Rethinking Incentives for Executives

Some academic research[i] suggests that incentive schemes are well suited to motivate and reward routine work, but no better than fixed salary where the work is creative and non-standard. Perhaps even causing unwelcome behaviours and negative outcomes.
Despite this, short term incentive (STI) schemes for executives are wide spread, with about 94% of USA[ii] and 72%[iii] of NZ remuneration packages containing variable pay elements.

To be effective, STI schemes should:

  • Align reward costs with business results
  • Instil a culture focused on results rather than effort
  • Pay competitively to retain high achievers
  • Increase employee’s engagement (not forgetting spouse’s)

The acronym SMART (Specific, Measurable, Agreed Upon, Realistic, Time-based) is great guidance for goal setting.

But most schemes are crudely targeted, paying on financial measures alone. Earnings (often with Revenue as a second criterion) versus Target, Budget or Last Year predominate as achievement incentives. But financial performance is a lag indicator of executive achievement and value creation. The business must have attained strategic health and operational fitness before the bottom line confirms it. Lead indicators of success generally include: –

  • Brand and Reputation Development
  • Customer Satisfaction
  • Team Building and Engagement

to which could be added Best Practice Systems and Processes, New Product or Channel Development, Transformation or Disruption Success, Project Delivery, or a Learning Organization, depending on the imperatives currently facing the business.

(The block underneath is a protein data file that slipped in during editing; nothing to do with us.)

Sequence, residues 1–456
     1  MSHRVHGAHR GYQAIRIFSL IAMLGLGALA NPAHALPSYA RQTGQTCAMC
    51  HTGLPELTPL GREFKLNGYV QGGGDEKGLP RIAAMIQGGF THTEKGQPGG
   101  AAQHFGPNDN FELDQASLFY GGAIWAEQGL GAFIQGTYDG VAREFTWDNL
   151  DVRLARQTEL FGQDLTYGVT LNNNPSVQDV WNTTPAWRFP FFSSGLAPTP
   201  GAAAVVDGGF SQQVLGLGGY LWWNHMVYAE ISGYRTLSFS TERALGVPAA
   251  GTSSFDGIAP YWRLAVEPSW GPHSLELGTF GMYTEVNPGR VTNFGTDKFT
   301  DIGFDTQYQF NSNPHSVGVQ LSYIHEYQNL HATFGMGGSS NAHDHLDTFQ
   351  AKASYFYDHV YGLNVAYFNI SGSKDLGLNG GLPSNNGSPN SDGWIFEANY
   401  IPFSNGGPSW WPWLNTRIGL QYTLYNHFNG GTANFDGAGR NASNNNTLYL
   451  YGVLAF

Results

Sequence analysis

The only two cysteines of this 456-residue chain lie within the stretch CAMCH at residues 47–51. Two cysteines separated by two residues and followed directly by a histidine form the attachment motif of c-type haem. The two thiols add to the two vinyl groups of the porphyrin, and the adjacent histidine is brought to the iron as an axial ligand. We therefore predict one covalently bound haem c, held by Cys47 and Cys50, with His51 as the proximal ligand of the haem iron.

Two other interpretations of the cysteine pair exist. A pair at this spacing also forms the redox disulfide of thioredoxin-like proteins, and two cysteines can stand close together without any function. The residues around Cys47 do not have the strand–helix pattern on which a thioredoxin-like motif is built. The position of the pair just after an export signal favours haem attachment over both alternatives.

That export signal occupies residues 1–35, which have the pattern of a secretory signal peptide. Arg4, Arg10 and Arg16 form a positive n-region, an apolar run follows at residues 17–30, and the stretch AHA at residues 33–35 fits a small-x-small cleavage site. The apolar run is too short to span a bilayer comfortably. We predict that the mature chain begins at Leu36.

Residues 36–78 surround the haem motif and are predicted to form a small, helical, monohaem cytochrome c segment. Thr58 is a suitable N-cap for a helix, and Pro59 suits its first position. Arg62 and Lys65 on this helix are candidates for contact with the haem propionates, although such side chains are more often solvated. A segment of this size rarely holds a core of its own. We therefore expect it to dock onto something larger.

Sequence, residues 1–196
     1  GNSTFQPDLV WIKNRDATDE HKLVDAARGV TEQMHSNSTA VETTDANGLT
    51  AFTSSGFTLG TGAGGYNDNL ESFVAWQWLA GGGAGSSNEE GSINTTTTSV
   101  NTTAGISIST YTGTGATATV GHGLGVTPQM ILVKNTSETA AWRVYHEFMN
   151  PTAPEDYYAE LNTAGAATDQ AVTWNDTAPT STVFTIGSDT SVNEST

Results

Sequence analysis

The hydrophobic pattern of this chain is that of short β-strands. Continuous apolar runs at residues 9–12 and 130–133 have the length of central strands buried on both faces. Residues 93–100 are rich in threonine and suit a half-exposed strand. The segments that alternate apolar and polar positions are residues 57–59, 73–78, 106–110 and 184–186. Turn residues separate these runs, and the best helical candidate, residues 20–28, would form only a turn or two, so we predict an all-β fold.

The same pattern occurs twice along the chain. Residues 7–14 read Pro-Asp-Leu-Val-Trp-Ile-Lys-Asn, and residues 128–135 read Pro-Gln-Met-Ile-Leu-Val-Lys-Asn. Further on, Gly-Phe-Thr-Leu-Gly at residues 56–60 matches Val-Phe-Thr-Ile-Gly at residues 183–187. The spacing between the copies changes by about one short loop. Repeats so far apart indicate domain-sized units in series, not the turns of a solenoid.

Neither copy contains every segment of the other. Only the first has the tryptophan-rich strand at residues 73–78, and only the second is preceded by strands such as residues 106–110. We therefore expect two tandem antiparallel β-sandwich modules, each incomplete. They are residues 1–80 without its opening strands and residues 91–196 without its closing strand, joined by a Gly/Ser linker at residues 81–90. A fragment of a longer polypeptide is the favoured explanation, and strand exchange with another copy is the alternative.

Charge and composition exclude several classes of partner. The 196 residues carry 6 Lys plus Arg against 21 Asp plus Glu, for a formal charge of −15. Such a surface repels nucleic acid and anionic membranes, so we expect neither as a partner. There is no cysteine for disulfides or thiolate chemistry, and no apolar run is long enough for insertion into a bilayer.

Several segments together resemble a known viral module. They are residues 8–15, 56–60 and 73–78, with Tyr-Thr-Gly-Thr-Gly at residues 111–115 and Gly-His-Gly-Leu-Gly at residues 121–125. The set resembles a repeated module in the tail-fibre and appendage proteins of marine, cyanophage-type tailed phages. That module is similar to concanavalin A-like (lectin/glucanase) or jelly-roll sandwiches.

Seems that present thinking is to broaden the criteria to four or more, aligned to the goals, then to take a balanced approach to what the executive commits to achieving in the year ahead.

One leading New Zealand remuneration practitioner advocates Earnings being no more than 40% of the STI reward opportunity, with 3-5 other metrics, adjusting annually in line with business strategic needs and operational targets.

And because organizations are synergetic teams, the concept of an STI pool has considerable support. Funded by formula (say 5-10% of operating profit), the pool allocates incentive reward across the selected executives in some equitable ratio. Clearly it is important that the pool stretch beyond the CEO, but not necessarily to all members of the Senior Management Team; perhaps just to the line executives, with staff positions (e.g. CFO, CIO) being well remunerated by fixed salary. While more complicated, an amalgam of individual and team-pool variable pay seems both acceptable and effective.

As to overall maximum reward, New Zealand practice is mixed but appears far less generous than either Australia or USA. Owners with Chinese backgrounds seem especially lavish to their high performing CEOs. A designed maximum or cap at say 75% of base salary would likely be seen as generous in our market but niggardly elsewhere.

In the constant challenge to recruit and retain talented expertise, the subject of remuneration requires considerable focus and professional input.

Wouldn’t we all love to enjoy “meaningful freedom” like Bill Gates!